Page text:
Unless you’ve been living under a rock you have probably heard about the Chilean Miners who were trapped in the San José Mine for 17 days before they were “found” by drilling a tiny bore hole into their refuge 2300 feet underground. Finally, 69 days later, they are being pulled out from the bowels of the earth, one by one, through a tube no more than 2 feet wide, in a capsule called The Phoenix (or El Fénix, if you’re speaking Spanish). You can go to almost any International News site (that link is to CNN) and see coverage of the rescue.
It was really emotional to see the first miner rescued last night. I was on the verge of falling asleep around 11:00pm and considered hitting the hay, but I’m so glad I forced myself to stay awake until 12:10am, when the first miner came out. I can’t even describe the sensation of seeing the capsule come out of the ground and then soon after, the first miner, Florencio Avalos, step out and hug his wife and son. Apparently the second miner was a bit more entertaining (he brought rocks up from the mine as gifts!), but by that point I was fast asleep.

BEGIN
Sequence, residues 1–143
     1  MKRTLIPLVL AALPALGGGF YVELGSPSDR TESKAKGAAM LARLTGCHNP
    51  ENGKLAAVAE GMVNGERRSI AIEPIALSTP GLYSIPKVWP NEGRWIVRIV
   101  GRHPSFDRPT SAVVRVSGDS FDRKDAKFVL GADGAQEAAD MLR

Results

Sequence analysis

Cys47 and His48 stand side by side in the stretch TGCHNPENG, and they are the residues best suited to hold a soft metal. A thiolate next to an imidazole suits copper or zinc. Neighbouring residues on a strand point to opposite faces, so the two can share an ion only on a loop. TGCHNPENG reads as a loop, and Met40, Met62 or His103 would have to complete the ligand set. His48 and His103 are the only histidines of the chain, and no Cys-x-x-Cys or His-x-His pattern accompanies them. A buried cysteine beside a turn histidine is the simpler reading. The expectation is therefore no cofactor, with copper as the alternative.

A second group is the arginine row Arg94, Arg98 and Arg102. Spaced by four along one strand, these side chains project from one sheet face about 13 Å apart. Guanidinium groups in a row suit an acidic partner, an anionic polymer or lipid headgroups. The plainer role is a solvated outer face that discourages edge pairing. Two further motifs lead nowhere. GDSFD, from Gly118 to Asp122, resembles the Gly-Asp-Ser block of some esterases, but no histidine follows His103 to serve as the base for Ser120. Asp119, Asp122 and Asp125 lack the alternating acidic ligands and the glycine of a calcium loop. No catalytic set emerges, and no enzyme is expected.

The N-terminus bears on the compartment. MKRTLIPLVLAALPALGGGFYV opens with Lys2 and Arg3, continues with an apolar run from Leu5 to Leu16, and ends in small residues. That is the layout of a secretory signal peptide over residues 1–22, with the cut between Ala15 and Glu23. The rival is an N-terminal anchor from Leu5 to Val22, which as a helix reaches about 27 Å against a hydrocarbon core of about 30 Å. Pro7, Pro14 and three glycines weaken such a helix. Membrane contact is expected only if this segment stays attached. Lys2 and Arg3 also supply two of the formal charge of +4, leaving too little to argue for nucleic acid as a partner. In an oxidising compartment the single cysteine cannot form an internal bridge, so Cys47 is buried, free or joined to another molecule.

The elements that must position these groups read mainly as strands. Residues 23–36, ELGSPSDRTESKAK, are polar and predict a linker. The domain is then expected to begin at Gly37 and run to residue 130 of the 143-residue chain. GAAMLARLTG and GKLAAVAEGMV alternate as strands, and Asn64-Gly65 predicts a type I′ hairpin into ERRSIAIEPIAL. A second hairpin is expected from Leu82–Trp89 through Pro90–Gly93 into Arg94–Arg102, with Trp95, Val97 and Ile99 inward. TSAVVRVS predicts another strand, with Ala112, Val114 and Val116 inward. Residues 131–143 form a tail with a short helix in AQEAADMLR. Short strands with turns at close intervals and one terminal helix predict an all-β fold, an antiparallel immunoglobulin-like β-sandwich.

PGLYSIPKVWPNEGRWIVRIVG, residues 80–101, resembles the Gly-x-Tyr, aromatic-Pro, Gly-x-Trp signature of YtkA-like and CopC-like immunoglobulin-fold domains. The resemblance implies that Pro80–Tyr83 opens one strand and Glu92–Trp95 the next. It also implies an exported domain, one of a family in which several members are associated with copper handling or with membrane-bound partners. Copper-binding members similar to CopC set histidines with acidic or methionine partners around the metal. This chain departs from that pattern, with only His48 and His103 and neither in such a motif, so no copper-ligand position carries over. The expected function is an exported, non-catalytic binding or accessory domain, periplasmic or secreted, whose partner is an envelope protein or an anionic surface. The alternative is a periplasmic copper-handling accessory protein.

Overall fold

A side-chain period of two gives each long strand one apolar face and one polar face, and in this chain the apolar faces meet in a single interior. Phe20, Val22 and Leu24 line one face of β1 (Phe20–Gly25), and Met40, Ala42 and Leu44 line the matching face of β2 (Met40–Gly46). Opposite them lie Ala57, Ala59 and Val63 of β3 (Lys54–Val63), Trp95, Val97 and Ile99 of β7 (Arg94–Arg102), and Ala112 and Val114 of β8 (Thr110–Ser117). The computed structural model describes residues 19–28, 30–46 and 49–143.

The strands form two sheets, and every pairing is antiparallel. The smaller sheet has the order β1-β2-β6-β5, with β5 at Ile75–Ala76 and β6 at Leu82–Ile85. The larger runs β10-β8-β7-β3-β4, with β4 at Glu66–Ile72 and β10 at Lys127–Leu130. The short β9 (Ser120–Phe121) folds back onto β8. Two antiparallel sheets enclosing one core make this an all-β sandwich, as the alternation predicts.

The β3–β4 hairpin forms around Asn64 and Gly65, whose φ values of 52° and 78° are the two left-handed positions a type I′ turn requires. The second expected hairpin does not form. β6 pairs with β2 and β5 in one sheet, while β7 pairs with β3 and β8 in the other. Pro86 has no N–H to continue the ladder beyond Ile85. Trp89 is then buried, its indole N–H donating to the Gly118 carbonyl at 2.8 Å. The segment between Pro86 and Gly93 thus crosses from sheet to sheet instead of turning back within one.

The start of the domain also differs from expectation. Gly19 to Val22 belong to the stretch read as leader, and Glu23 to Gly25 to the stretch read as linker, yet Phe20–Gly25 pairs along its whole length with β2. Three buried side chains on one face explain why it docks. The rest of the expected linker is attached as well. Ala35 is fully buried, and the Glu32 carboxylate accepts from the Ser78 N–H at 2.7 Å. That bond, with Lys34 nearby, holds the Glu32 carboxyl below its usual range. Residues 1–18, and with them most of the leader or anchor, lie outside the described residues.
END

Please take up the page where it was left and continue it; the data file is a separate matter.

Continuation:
As I write this, the 14th miner has just been rescued. It looks like the rescue effort might take less time than anticipated.
I’m so amazed at the combination of technology and cooperation that facilitated the miners’ rescue. And I’m so grateful for the authorities working on this project, that they didn’t lose faith and these 33 men are (or soon will be) reunited with their families. And not to forget the miners themselves, who through a strict regimen were able to maintain their physical and mental health for SIXTY NINE days underground. I know that I couldn’t have done it.
The miners still have a long road ahead. My thoughts are with them as they begin to recover and are bombarded by the press. Also, I hope that among the fanfare and joy we don’t forget the reason why this happened in the first place. Along with being heroes, the miners are also victims of dangerous working conditions. Hopefully the authorities have learned from this and will improve regulations for smaller mining operations.
But for now, Viva Chile! and Vivan los mineros!